Did you know there is a very common word that is used in our culture that you cannot find in the Bible? It is the word competition. Jesus never talked about it, but He did talk about the opposite of that word.
What is the greatest catalyst that allows the unsaved to make a decision for Jesus Christ? It isn’t prayer, though this is important. It isn’t good deeds, though deeds indicate a fruitful relationship with God. It isn’t good behavior, though Christ commands us to be obedient as sons.
There is a counterintuitive marketing concept that we, as pastors, should spend some time contemplating: “If you try to reach everyone, you’ll reach no one.”
When you are promoting an event or sermon series, who is your target audience? Are you focused on a 35-year-old man who works in construction and has two kids, or are you focused on all men who might possibly see your sign or know someone who does?
When you focus your advertising (announcement) on a particular target audience instead of trying to reach everyone possible, you create energy and momentum.
Many times, as leaders, we are blindfolded by the experience we have gained over the years. We assume everyone knows what we know, but we forget what we once didn’t know.
I feel what I’m writing is elementary in the field of leadership. But what is elementary to one is high school or even college to others.
I’m not at all saying you can stop learning. That’s a dangerous thing for a leader to ever do. I’m saying to be conscious of the fact that if you are a leader, chances are you’ve learned a few things along the way to getting where you are today.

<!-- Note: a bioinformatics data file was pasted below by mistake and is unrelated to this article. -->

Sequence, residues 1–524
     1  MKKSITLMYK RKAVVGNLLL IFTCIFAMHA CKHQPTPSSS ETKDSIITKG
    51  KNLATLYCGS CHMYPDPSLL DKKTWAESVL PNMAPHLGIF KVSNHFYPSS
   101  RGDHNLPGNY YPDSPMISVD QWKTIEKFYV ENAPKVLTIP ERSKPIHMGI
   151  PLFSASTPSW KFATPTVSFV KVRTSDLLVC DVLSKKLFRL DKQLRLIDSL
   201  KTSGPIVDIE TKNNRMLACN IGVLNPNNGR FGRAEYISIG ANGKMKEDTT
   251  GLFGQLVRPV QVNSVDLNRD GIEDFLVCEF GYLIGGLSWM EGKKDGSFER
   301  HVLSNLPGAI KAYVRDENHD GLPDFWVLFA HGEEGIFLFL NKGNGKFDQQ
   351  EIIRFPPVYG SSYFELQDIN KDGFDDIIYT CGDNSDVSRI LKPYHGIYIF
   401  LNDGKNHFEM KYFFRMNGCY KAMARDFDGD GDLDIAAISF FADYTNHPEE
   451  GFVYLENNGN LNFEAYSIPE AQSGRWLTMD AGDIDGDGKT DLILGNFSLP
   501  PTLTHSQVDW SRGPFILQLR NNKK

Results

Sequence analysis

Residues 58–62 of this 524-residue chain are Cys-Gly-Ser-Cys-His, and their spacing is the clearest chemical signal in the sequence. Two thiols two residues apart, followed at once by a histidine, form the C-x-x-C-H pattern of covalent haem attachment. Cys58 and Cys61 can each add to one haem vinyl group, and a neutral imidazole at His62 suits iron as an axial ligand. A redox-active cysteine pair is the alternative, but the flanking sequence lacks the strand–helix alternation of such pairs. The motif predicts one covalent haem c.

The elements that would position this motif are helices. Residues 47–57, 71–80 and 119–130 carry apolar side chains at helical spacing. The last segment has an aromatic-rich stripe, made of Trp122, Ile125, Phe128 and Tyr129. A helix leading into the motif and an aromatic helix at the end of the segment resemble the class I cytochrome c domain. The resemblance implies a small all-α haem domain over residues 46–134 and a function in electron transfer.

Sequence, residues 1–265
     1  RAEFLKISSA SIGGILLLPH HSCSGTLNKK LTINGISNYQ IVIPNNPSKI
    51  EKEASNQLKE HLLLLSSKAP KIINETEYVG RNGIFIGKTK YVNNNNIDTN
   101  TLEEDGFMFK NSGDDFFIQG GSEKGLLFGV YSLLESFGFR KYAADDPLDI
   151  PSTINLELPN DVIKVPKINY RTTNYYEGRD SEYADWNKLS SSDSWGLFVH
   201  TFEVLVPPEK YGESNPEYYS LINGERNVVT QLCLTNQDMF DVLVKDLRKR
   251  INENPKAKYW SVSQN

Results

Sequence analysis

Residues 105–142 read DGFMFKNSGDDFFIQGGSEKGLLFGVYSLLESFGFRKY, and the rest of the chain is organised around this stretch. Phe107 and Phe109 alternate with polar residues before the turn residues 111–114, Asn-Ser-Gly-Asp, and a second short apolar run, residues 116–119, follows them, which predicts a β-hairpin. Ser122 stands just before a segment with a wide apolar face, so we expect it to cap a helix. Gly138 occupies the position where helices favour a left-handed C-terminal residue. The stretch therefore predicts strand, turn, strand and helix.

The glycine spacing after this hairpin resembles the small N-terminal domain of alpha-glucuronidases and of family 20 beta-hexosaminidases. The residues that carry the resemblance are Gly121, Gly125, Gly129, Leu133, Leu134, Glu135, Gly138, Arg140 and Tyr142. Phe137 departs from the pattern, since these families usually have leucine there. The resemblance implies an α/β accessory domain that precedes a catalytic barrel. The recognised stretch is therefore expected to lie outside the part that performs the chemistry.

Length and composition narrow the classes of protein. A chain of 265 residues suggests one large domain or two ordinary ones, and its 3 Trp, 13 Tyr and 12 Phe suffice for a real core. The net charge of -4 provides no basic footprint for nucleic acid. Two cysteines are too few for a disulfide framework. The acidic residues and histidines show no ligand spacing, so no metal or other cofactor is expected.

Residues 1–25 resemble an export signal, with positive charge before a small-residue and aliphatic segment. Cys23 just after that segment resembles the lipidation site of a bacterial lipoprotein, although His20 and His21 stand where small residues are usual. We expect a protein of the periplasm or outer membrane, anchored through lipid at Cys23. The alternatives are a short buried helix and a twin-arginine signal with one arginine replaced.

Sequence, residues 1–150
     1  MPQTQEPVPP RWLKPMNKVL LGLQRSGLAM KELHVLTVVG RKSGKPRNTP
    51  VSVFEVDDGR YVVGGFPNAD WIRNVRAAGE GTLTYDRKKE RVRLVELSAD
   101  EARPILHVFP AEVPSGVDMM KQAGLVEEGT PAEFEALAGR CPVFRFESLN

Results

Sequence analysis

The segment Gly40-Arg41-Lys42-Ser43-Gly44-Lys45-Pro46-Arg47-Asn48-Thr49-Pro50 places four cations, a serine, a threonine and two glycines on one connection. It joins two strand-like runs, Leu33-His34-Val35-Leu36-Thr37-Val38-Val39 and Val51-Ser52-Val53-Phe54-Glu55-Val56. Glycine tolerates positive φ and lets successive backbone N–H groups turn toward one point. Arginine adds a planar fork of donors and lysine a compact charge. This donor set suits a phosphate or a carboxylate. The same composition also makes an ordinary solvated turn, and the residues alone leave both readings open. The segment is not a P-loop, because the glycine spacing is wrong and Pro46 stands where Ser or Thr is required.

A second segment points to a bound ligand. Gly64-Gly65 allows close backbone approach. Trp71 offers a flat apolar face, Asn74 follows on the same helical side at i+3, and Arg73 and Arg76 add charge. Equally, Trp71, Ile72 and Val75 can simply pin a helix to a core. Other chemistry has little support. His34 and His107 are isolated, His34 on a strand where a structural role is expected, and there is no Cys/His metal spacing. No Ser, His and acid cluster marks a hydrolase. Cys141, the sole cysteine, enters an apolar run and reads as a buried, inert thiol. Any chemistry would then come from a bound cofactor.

The local church should be a Holy Spirit training outpost for equipping God’s people to be kingdom warriors of love and servanthood on earth and to destroy the works of darkness. Instead, the local church is often operating more like a cruise ship instead of a battleship designed to equip an army.
I first met pastor Fred Hartley about five years ago when I was invited to be on a city transformation leadership team in Atlanta. Fred pastors a midsize congregation in a suburb of Atlanta and is also the founder of the College of Prayer, an international equipping ministry. Fred has written several books on prayer. He knew little about my work, but as we began getting to know one another, he took more of an interest in what I did. I shared a few of my books with him, but it was almost two years before Fred caught what I was doing and how it could impact his own local congregation. He wrote me this letter:
“The poor will be with you always,” Jesus said, but I’m sure He could have added, "The stupid vision killers will pursue you always.”
Acknowledge But Don’t React
As much as we would love to send to some of these to Gitmo for vision espionage, we simply don’t have that authority … sadly. But if we give their voice weight, they will keep looking for opportunities to complain.
Naysayers and complainers don’t have a desire to help in what they say. They are looking for a platform that will hear them and respond. It makes them feel empowered.
I am asked constantly by young leaders, “How do you handle the responsibility of leading something like Catalyst?”
The reality is, anyone who leads a church, leads a company, leads a community, leads a nonprofit ministry, leads a team or even leads a family feels and knows the pressure of responsibility. And responsibility is part of leadership. Always.
You’ve heard this before: “You’re responsible for what happens. Don’t screw up!” Right! We hear this all the time from our parents, from our boss, from our boards, from our friends, from our spouses.